“The Street and the Market” chapter includes bourekas, shakshuka and Jerusalem bagels — basically, home versions of Israeli market highlights. Most of the book’s recipes are simple, straightforward and light on ingredients, but its pages are beefed up with introspective essays on Israeli food and culture. Sometimes, the essays are merely clever: “Shakshuka,” Gur muses on the recipe composed of eggs, tomato and spices, “is one of those dishes you can make even when your refrigerator appears to be empty.” Others are more profound, hazarding observations on Israeli culinary consciousness and venturing to explain some of the fundamental aspects of Israeli culture.

For instance, Gur posits, the reason that vegetables play a prominent role in the traditional Israeli breakfast isn’t a mass need for vitamins or hydration. Instead, she says, it dates to pioneer kibbutzniks, whose economy revolved around their produce. She also explains the origins of the elaborate Israeli breakfast, noting that it was originally a midday meal for those same kibbutzniks, who started work before dawn.

The book is versatile, and it started out as a work purposely geared toward a non-Israeli audience. “I originally published [“New Israeli Food”] in Israel,” Gur said. “It was written in English and aimed at tourists and visitors.”

In Israel, “tourists and visitors” can include anyone from Christian fundamentalists to atheist Jews, and everyone in between. Religious Jews might take exception to the main recipe for challah, which is dairy (an alternate pareve version is suggested, with water and oil substituted for milk and butter).

Gur, who came to Israel in 1974, can’t stop gushing about the country’s culture and people — which, for an interview centered on food, definitely speaks to both her perceptiveness and her sensibility. “There is a mixture of Western sophistication with Levantine flair,” she said — and for a moment, one wonders whether she’s talking about the people or the food. Then she elaborates: “Girls with bikinis, standing next to ultra-Orthodox Jews. I wanted to capture this mix. It is so perfectly reflected in the local food.”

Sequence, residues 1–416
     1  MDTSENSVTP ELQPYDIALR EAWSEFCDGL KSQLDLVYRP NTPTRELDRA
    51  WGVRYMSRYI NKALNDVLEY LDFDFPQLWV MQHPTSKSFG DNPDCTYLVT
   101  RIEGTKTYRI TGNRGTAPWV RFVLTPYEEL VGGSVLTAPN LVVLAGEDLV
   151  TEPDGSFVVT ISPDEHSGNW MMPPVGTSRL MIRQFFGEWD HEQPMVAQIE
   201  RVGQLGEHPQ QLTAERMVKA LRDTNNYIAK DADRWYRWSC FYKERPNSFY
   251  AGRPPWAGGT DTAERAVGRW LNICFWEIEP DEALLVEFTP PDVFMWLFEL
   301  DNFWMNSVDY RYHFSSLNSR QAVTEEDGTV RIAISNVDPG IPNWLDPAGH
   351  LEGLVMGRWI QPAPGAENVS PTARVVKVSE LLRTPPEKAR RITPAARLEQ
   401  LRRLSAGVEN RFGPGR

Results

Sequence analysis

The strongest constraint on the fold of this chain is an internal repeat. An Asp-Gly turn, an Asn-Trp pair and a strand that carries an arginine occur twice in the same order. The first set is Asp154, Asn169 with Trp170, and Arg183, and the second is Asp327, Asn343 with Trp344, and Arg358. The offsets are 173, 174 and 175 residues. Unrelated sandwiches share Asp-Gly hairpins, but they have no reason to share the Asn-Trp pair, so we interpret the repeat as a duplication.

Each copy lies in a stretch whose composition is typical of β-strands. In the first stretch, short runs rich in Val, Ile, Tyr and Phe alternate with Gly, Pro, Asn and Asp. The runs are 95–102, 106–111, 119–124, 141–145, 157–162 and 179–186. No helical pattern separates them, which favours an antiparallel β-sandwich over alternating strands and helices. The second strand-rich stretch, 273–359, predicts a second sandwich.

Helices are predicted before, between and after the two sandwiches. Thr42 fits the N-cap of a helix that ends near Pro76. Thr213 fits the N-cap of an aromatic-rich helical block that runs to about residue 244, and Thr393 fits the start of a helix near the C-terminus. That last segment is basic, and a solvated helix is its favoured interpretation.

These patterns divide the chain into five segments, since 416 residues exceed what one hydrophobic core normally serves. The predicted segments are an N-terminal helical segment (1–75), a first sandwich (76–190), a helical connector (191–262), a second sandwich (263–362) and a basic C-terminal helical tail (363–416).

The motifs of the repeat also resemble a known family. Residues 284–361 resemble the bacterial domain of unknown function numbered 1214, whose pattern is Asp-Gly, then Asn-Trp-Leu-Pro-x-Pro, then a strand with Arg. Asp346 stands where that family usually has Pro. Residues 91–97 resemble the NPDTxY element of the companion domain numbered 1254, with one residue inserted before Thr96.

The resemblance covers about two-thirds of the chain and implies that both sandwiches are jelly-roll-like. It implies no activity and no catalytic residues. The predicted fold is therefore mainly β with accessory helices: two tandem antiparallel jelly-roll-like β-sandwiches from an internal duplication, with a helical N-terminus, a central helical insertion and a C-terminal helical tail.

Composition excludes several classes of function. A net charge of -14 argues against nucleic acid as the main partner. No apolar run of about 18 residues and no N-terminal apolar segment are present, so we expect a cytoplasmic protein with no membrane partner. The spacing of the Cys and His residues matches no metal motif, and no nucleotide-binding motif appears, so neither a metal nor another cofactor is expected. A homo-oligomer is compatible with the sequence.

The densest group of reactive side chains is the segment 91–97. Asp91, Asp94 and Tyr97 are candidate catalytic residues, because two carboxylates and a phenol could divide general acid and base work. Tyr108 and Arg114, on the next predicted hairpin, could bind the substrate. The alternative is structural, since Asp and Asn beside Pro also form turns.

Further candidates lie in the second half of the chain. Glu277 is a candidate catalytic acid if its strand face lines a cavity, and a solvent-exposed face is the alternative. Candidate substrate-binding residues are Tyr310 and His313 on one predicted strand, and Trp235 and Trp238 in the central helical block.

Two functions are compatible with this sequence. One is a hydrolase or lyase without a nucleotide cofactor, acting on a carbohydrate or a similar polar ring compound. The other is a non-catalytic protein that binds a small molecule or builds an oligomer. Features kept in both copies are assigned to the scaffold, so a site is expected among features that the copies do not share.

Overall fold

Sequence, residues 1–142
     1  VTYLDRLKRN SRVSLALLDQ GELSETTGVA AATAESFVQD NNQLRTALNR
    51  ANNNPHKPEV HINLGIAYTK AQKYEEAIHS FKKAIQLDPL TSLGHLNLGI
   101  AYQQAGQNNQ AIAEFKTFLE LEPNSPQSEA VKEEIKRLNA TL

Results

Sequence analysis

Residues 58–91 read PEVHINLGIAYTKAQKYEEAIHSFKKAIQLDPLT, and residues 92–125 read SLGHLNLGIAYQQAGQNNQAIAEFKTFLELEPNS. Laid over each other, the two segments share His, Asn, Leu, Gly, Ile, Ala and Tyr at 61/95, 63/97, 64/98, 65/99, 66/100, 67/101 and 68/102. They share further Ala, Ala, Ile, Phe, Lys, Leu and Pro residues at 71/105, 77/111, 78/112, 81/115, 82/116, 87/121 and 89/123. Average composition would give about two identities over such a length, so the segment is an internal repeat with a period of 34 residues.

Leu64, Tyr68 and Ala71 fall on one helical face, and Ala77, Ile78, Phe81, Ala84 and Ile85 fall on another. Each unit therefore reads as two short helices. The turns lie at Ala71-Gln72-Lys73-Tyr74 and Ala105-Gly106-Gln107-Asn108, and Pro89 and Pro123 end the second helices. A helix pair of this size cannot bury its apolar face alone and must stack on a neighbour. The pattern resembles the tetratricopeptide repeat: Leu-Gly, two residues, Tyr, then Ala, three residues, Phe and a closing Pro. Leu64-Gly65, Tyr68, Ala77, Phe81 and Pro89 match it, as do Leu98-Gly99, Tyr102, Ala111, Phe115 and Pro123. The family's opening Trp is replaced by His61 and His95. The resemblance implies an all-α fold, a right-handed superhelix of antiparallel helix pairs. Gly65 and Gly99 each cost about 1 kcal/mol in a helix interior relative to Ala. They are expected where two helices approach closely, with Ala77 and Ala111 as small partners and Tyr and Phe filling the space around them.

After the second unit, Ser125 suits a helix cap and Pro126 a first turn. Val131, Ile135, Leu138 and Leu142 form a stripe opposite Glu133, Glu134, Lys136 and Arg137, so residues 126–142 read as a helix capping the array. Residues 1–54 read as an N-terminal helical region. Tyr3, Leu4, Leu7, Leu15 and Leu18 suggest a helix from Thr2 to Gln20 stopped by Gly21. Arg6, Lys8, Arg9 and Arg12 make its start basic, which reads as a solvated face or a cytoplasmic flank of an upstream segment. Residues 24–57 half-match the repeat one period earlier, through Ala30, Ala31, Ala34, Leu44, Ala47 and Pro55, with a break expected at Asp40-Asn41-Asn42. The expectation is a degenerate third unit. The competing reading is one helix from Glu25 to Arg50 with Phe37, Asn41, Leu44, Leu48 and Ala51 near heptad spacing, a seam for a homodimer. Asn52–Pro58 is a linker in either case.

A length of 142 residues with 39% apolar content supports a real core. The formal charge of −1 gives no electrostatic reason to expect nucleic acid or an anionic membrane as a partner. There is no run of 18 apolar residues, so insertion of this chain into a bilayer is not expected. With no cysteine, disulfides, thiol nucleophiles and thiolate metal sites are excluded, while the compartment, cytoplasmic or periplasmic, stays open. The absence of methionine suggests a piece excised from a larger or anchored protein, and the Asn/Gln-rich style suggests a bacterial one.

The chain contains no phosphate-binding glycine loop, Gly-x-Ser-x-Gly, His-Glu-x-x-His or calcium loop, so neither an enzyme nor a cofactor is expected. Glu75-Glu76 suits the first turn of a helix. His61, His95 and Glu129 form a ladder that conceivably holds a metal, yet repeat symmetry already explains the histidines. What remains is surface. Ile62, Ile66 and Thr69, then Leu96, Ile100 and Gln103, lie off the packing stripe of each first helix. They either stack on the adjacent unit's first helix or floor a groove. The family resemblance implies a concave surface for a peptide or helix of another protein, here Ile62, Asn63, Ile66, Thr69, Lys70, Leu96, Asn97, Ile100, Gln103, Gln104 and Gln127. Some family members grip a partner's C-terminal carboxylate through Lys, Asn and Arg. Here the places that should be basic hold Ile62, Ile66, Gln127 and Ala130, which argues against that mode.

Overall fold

Matthue Roth most recently is the author of “Losers” (Scholastic/PUSH Books), a novel about Russian-Jewish immigrant geeks. He is an associate editor of MyJewishLearning.com.


The following recipe, by food writer Shir Halpern, appears in “The Book of New Israeli Food.”
Shakshuka with Spinach and Feta

A mild version of shakshuka without tomato sauce
Serves 4

2 leeks (white part only), finely sliced
1 tablespoon butter
1 pound 2 ounces fresh spinach leaves, washed and trimmed
2 cloves garlic, crushed
Salt and freshly ground black pepper
6 eggs
4 ounces feta cheese, crumbled

  1. Melt the butter in a large deep skillet and sauté the leeks until soft and translucent but not brown.

  2. Add spinach and garlic and sauté for 5 minutes. Season gently — remember that the cheese is quite salty.

  3. Break the eggs one by one into a bowl and slide onto the spinach. Arrange the yolks around the pan. Sprinkle the cheese around the pan.

  4. Turn heat to low, cover the pan and simmer until the egg whites set, 5 to 7 minutes.

Serve immediately.